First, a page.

Take a Leap of Faith
Mon, Oct 05
Maybe having good beliefs means sometimes believing even when there is not enough evidence either way? In this session we will consider whether we have control over our beliefs and whether it is ever a good idea to believe something before the evidence has come in. We will take a close look at William James's pragmatic defense of "leaps of faith" when it comes to choosing forms of life.
By the end of class, you will:
- Understand the relationship between belief and the will, contrasting doxastic voluntarism with doxastic involuntarism.
- Compare James's approach to faith and doubt with Pascal's pragmatism and Descartes' foundationalism.
- Explain what is meant by the "ethics of belief" and identify James's three criteria for an ethical "leap of faith".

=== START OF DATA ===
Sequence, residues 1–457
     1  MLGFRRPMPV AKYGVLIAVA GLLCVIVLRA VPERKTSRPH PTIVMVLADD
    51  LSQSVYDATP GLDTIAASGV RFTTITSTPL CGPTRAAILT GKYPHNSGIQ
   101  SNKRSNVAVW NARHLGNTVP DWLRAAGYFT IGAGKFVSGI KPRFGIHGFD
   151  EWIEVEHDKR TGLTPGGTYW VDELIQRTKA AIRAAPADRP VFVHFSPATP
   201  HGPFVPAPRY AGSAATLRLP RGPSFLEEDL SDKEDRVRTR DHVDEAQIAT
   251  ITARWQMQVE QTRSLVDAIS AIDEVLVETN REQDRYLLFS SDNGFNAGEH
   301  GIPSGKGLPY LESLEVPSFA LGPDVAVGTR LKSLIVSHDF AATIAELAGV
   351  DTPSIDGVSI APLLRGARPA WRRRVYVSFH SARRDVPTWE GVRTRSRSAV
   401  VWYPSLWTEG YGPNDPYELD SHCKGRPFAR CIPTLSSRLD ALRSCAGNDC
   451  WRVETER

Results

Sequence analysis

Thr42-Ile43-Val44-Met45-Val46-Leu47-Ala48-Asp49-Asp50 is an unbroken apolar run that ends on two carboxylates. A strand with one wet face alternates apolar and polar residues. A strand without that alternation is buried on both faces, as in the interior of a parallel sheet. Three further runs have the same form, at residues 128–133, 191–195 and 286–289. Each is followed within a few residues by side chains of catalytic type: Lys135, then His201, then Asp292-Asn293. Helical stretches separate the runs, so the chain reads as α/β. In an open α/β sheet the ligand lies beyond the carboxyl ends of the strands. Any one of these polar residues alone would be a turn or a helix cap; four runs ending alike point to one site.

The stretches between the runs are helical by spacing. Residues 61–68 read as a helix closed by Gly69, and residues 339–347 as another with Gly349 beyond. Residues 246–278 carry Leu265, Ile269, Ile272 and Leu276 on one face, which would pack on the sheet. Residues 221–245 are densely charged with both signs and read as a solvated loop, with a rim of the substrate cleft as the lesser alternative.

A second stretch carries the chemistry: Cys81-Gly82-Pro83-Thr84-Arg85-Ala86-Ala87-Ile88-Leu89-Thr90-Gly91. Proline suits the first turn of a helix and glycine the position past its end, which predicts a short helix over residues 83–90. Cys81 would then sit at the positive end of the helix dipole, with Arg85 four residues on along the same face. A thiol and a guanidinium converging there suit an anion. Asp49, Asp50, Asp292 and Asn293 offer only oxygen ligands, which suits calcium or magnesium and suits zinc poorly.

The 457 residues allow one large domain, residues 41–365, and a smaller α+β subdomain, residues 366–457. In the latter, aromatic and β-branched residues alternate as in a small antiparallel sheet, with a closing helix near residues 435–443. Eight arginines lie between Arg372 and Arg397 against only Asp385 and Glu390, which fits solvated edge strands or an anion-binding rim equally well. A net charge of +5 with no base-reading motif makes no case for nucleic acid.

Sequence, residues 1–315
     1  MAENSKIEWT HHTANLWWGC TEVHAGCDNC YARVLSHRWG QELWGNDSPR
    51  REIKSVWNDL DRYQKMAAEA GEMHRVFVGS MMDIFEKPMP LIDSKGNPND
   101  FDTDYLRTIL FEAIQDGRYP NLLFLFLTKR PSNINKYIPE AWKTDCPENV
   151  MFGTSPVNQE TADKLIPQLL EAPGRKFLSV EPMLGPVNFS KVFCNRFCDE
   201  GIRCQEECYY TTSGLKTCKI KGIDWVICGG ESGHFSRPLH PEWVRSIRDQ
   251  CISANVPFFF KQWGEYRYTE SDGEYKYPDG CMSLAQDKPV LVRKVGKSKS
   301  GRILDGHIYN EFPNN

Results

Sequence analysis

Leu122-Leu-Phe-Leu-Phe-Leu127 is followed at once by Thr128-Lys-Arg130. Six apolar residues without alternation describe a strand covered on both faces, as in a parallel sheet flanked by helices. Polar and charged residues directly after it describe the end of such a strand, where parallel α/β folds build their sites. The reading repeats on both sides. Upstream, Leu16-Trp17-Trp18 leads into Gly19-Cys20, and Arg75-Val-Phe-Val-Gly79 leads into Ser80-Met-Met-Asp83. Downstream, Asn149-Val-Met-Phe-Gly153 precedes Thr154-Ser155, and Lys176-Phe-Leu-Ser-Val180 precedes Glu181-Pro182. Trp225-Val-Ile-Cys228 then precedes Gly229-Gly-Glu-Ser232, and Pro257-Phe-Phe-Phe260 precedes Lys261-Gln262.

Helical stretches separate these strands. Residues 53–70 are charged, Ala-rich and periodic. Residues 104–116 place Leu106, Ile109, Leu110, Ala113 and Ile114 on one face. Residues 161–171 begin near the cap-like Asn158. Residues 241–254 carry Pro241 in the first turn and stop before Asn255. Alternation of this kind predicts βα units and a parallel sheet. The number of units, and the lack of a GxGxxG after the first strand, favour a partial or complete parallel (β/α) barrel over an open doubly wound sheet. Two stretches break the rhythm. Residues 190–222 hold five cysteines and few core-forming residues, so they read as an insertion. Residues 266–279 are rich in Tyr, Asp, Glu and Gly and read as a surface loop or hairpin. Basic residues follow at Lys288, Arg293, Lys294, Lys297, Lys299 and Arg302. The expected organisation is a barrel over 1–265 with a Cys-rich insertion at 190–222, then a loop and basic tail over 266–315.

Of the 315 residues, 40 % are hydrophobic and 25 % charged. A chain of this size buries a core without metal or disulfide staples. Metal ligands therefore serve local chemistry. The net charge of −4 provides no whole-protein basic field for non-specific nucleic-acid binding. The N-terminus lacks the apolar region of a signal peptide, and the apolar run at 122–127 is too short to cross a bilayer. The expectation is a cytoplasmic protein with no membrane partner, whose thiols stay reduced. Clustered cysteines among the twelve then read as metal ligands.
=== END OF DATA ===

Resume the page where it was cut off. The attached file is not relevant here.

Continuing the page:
- Defend your own position on the question of whether pragmatic arguments for truth are rational or responsible.
Complete these steps before you come to class
Consider the following prompts (you may want to write responses to these in your journal or talk about them with a friend):
- Did Elizabeth Holmes (Theranos founder) meet James's conditions for rationally taking a "leap of faith" when she believed that her blood testing devices would be ready in time? If not: which condition didn't she meet?
- Have you ever taken a "leap of faith"? Do you think it was rational? Why or why not?
- Optional: test yourself by taking a practice comprehension check.